After writing a monologue on the subject of Israel and Palestine, David Hare forced himself to make his debut on the professional stage at the age of fifty-one. When his success at London's austere Royal Court theatre led to an invitation to appear in New York at a somewhat flashier Broadway venue, Hare was transformed from a shadowy playwright into an actor alone on the stage every night for ninety minutes.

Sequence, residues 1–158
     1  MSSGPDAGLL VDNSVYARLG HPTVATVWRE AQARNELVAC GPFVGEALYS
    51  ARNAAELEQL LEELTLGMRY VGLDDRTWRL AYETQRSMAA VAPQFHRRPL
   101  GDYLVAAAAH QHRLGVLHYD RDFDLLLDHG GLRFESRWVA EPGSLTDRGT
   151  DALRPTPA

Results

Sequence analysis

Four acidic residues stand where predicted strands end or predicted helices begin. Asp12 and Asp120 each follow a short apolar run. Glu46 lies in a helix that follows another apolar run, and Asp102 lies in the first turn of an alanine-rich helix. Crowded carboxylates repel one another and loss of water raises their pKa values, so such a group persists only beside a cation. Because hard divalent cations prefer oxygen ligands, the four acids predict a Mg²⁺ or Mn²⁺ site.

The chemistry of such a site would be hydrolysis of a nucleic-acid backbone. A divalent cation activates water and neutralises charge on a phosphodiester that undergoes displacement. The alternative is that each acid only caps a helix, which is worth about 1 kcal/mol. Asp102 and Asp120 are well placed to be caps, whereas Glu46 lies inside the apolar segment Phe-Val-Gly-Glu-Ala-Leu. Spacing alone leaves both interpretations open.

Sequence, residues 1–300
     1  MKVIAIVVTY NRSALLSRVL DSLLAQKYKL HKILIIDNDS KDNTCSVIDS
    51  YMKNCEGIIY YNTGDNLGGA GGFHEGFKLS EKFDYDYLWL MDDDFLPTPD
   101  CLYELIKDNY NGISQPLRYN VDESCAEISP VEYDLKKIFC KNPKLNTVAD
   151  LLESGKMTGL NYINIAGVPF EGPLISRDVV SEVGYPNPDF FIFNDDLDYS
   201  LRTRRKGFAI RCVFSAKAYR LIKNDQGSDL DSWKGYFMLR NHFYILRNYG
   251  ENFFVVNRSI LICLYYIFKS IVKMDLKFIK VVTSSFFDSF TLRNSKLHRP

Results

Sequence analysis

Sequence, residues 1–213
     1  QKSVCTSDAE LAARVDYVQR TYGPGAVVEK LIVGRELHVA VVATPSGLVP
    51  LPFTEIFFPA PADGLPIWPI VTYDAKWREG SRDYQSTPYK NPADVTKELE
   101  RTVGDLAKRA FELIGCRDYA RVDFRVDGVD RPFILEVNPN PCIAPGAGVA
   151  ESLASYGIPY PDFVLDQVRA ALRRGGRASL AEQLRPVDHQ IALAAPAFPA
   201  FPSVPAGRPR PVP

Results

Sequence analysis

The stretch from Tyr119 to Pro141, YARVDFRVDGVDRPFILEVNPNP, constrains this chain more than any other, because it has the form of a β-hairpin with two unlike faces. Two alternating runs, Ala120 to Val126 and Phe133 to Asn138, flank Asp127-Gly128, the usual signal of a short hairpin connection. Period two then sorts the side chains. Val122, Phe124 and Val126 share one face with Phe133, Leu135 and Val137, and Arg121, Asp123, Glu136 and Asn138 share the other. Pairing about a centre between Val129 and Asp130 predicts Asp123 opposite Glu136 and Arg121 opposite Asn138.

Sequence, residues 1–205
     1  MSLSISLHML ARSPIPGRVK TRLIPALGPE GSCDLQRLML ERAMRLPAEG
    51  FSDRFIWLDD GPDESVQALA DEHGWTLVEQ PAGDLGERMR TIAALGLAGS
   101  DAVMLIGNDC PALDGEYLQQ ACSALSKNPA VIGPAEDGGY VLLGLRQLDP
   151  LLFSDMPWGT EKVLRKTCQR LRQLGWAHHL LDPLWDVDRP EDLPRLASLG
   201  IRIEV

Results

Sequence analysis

Hare's hilarious diary of his experience on both sides of the Atlantic tells of his difficulties in coming to terms with his frightening change of career, but also grapples with more serious questions about what the difference is between acting and performance, and whether anyone can learn to do either.